Sunday, February 28, 2021

Leslie Charteris - The Saint

 Thanks to the pandemic and to Kindle Unlimited, I've now read the entire ouevre of The Saint,  Leslie Charteris' creation.  Well, all but one, which I had to find elsewhere. Charteris didn't want his first Saint novel to be remembered, and it is in general not available.

At one of its last reprints, Charteris wrote:
It has been out of print for more years than I can guess at, and with no complaints from me. Personally I would have been very happy to leave it quietly in limbo: I was still under 21 when I wrote it, more than fifty years ago, and I am no more anxious to parade it than any other youthful indiscretion. Looking at it now, with absolute objectivity, I can see so much wrong with it that I am humbly astonished that it got published at all. In extenuation, it was only the third book I'd written, and the best I would say for it is that the first two were even worse. However, I can't deny writing it, its existence is a historical fact, and I suppose that anyone who is interested enough in backtracking into Simon Templar's and my own adolescent beginnings has a right to access to the awful truths.
As to why Simon Templar, the Saint, was created:
....the fiction world today needs a Saint more than it ever did. For too many years now that scene has been dominated by the "anti-heroes" — those grim gray operators in a sunless sub-culture where global issues are worked out with totally unemotional pragmatism, those hapless uninspired puppets manipulated and expended by ruthlessly dedicated little brothers of Big Brother. It made morbidly fascinating narrative, but it never gave anyone a lift until it climaxed in the hypergadgeted parodies of 007 extravaganzas. 
I was always sure that there was a solid place in escape literature for a rambunctious adventurer such as I dreamed up in my own youth, who really believed in the oldfashioned romantic ideals and was prepared to lay everything on the line to bring them to life. A joyous exuberance that could not find its fulfilment in pinball machines and pot. I had what may now seem a mad desire to spread the belief that there were worse, and wickeder, nut cases than Don Quixote. 
Even now, half a century later, when I should be old enough to know better, I still cling to that belief. That there will always be a public for the old-style hero, who had a clear idea of justice, and a more than technical approach to love, and the ability to have some fun with his crusades. That is how and why the Saint was born, and why I hope he may eventually occupy a niche beside Robin Hood, d'Artagnan, and all the other-immortal true heroes of legend.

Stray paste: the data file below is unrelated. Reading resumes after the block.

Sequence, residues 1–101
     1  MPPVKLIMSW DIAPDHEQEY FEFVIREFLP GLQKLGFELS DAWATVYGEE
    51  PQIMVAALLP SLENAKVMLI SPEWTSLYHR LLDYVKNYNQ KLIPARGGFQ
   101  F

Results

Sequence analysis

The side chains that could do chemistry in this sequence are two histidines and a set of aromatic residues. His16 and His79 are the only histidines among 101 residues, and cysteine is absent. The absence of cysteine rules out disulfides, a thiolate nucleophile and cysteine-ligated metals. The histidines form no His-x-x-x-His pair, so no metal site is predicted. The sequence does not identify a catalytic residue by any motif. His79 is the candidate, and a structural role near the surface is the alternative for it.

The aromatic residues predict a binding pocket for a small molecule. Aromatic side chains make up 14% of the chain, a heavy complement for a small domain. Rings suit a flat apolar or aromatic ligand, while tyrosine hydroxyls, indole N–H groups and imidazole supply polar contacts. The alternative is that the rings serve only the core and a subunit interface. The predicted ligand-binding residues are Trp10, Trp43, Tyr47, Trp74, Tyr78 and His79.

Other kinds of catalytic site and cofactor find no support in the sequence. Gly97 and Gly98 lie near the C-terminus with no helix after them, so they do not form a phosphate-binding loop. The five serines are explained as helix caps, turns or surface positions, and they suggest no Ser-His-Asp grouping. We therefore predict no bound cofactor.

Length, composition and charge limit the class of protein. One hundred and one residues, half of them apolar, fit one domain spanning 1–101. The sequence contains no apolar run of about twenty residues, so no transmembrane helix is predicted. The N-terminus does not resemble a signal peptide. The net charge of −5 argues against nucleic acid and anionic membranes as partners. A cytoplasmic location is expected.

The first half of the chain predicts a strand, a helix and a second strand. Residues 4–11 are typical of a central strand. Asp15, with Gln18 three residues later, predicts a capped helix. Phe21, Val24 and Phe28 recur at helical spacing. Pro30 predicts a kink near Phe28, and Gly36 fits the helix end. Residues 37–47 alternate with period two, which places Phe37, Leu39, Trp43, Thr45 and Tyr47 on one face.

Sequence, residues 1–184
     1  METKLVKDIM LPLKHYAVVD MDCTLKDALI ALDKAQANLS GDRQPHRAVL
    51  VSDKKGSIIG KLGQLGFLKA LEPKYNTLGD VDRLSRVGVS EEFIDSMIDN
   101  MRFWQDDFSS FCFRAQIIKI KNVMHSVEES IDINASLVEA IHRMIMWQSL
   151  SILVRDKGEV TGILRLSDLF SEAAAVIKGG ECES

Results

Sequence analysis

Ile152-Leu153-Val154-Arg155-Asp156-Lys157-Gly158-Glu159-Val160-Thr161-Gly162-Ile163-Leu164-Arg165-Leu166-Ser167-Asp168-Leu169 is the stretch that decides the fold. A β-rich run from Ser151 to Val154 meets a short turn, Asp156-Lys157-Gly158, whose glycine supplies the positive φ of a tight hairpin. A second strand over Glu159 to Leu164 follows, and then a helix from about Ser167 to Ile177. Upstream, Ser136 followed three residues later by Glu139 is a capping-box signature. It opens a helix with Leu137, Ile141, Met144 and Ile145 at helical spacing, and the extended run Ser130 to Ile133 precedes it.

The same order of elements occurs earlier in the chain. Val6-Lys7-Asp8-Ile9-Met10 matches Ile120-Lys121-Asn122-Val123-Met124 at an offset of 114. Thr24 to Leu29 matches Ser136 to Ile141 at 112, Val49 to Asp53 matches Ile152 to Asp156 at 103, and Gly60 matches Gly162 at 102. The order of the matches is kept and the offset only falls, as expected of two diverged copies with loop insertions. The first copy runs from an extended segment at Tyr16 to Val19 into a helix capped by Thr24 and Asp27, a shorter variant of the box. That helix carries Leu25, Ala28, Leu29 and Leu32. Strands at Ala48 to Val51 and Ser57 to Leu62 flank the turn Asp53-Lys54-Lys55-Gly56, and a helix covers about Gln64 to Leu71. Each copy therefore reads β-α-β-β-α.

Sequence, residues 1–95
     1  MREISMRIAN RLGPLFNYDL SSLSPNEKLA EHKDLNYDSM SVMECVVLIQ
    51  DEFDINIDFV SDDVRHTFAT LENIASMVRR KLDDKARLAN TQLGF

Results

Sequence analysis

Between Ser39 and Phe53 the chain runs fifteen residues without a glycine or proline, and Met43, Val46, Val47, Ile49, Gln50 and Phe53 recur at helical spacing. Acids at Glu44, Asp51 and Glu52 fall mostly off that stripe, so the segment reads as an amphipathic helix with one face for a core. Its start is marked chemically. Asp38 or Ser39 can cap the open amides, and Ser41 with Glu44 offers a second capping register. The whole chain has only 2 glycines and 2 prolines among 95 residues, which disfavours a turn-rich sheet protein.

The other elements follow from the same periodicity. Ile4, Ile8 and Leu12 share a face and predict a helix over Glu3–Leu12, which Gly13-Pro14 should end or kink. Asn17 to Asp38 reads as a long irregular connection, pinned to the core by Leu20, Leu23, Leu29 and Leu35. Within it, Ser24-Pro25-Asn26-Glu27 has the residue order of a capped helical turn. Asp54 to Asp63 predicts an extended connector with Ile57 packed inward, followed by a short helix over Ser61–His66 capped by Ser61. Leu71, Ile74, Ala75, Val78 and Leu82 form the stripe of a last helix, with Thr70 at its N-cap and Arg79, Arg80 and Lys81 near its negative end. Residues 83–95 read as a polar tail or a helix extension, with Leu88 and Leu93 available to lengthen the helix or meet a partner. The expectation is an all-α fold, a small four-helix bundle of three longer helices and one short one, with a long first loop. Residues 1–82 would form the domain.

I'd say by and large, the author's objective is achieved.  But it is possible to have too much of a good thing.   One expects characters to become wiser as they age, and when they don't, it is sad.  

...He had been his own unique globetrotting blend of pirate and adventurer for enough years now to know that he would go on in the same freewheeling ways as long as there was still strength in his body and a new vista of ungodliness over th enext hill.

That was how it was with the Saint, just as for others life might me inconceivable except as a doctor or chartered accountant or in any of a thousand other worthy and stable roles.  The Saint saw the necessity for these, and was grateful that others wanted to occupy themselves thus, and to lead conventional and settled lives, leaving him to live out his own notions of buccaneering chivalry and justice for as long as it pleased him; to ride the high winds of adventure, changing little with the seasons or the years; here and there dipping into new valleys, fighting new battles, or fighting again the old ones under new skies, but always, and above all, remaining free.

He had the potential to settle to a humdrum existence like any other man, but it remained a potential, like any other man, but it remained a potential, like that of a winged seed staying always aloft.

Those who had worked with him, that select handful of men, and one woman, who had shared his ideals all those long years ago -...- they had once been the same, and had floated as free.  But one by one, when their time had come, they had ceased to float, and had dropped to the ground, and put down roots , and settled.

Once, such a precarious and fateful time of choice had come for Simon Templar also, when he found himself poised in the air, becalmed, and it was with a great emptiness, at the time, that he had chosen as he knew he had been fated to choose from the beginning, and had watched as the person for whom he would have given up anything but his destiny, and who understood that as well as he did himself, went on her golden way.

And so he continued to follow his own star as the years had rolled on....

 At some point this looks like more like a adrenaline addiction than joyous exuberance.